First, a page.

Medicare, Retirement Costs, and Labor Supply at Older Ages

Richard W. Johnson

WP#2002-8

Abstract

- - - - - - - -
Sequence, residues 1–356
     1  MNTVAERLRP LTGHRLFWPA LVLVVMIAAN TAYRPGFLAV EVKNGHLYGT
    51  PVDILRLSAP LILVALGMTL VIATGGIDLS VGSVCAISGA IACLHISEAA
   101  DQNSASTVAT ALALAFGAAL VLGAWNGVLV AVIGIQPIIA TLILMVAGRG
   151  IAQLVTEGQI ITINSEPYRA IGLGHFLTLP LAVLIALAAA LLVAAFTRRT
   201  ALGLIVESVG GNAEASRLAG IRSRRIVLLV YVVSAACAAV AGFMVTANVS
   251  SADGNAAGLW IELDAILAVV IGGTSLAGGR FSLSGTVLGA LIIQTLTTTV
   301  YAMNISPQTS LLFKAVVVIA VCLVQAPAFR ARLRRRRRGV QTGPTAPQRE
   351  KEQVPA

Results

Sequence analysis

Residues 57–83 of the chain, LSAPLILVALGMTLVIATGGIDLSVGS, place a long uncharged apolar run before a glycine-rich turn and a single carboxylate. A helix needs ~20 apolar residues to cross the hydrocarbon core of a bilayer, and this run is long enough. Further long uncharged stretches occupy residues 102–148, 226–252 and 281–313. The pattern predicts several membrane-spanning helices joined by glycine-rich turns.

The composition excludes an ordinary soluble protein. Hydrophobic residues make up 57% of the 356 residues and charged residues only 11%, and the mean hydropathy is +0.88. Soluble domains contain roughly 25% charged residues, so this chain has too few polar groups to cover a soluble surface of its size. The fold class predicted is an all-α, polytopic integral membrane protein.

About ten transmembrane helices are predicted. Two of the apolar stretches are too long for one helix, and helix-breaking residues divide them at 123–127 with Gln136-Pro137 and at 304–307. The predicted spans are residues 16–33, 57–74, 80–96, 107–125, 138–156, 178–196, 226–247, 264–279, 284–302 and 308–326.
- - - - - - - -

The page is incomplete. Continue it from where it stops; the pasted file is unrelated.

When workers retire, they forego the wages and many of the benefits they received while employed. By providing subsidized health insurance coverage to virtually every American at age 65, Medicare reduces the cost of retiring for workers who receive health benefits from their employers, especially when those benefits do not continue after retirement. As a result, an increase in the age of Medicare eligibility may lead many workers to delay retirement. This paper examines how a potential increase in the age of Medicare eligibility might affect retirement behavior by relating the health insurance costs of retirement to labor supply decisions. The insurance cost of retirement is the increase in health insurance premiums that workers face after they retire, relative to what they pay when working. We measure the effect of insurance costs on labor force withdrawals by including the net present value of premium costs in a multivariate model of retirement. We then simulate the impact of changes in the Medicare eligibility age by re-computing premium costs under the assumption that individuals could not receive Medicare coverage until age 67. We find that health insurance costs significantly discourage retirement, and that an increase in the age of Medicare eligibility would reduce retirement rates.